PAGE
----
With your year long Carla subscription, you will receive a new issue right to your doorstep every 3 months.
Our advertising program is essential to the ecology of our publication. Ad fees go directly to paying writers, which we do according to W.A.G.E. standards.
We are currently printing runs of 6,000 every three months. Our publication is distributed locally through galleries and art related businesses, providing a direct outlet to reaching a specific demographic with art related interests and concerns.
To advertise or for more information on rates, deadlines, and production specifications, please contact us at firstname.lastname@example.org
Night Gallery has built a laissez-faire reputation over the past five years for putting on trendy exhibitions, commonly of the painting persuasion. Therefore, an austere photography show by Israeli-born Barak Zemer comes as something of a pleasant, though savvy, contrast. Unlike those of many other contemporary picture-makers, Zemer’s compositions do not rely on superfluous post-production trickery, fashionable frames, or quirky installations. They stand on their own as unpredictable images and uncanny ideas.
Zemer’s visual depictions are allusive with regards to social conditions and constructs, yet elusive with regards to the specific subjects and scenes on which he focuses. Meanwhile, the titles are consistently straightforward, even deadpan. The exhibition’s title, Transit, is an appropriate word to encapsulate Zemer’s meandering photographic practice. His photo of the same name from 2017 shows an apple shoved in an overturned pint glass, with the makeshift sculpture placed on the dashboard of a car on the highway—stasis in motion. In the double entendre of Gate (2017), a large model airplane is curiously propped up behind a stanchion and a sofa near the boarding zone of an anonymous airport—motion in stasis. Three Eyes (2017) is an awkward portrait of a silver-haired, silver-toothed man with man’s best friend; only the canine’s two eyes are visible, with his head blocking out one side of his presumed owner’s sported shades. The man hams it up for the camera, while the pet stares ahead—is he scared or just stoic?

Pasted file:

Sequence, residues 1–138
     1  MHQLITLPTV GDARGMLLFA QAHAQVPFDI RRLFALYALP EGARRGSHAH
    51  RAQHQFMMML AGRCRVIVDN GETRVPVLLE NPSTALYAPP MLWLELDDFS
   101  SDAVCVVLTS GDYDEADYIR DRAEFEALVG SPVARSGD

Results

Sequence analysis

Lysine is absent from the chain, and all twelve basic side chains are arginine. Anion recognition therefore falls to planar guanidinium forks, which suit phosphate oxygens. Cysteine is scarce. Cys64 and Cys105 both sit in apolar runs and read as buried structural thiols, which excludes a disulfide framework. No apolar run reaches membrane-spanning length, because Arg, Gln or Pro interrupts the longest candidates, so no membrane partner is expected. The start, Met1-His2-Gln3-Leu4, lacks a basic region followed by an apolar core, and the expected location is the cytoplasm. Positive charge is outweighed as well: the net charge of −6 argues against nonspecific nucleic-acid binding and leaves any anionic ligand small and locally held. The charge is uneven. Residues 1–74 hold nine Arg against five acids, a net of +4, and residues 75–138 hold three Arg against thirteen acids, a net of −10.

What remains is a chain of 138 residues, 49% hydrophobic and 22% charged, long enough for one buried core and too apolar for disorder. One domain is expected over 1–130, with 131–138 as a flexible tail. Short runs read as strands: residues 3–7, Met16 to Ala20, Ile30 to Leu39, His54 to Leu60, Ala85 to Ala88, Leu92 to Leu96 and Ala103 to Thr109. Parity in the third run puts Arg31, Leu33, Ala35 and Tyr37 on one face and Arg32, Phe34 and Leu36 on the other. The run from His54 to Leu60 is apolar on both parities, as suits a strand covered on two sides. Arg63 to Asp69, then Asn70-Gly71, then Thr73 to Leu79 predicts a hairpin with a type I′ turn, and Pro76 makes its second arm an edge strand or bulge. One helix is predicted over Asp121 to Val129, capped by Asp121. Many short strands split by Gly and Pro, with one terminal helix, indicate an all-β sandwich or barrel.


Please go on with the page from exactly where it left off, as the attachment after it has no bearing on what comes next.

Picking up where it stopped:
Zemer reveals time and again that he would rather disregard current fads, often fueled by irony and deflection, and follow his tumbling yet trustworthy gut instead. Despite the hint of slickness permeating this body of work, there is also a strangeness and sensitivity inherent within each piece—the kind not typically found in the soul cycle of today’s art world and its conjoined capitalist market. This is the portrait of an emerging artist lamenting on the earnestness of saying something important.
Barak Zemer: Transit runs from January 20–March 3, 2018 at Night Gallery (2716 E. 16th Street, Los Angeles, CA 90021).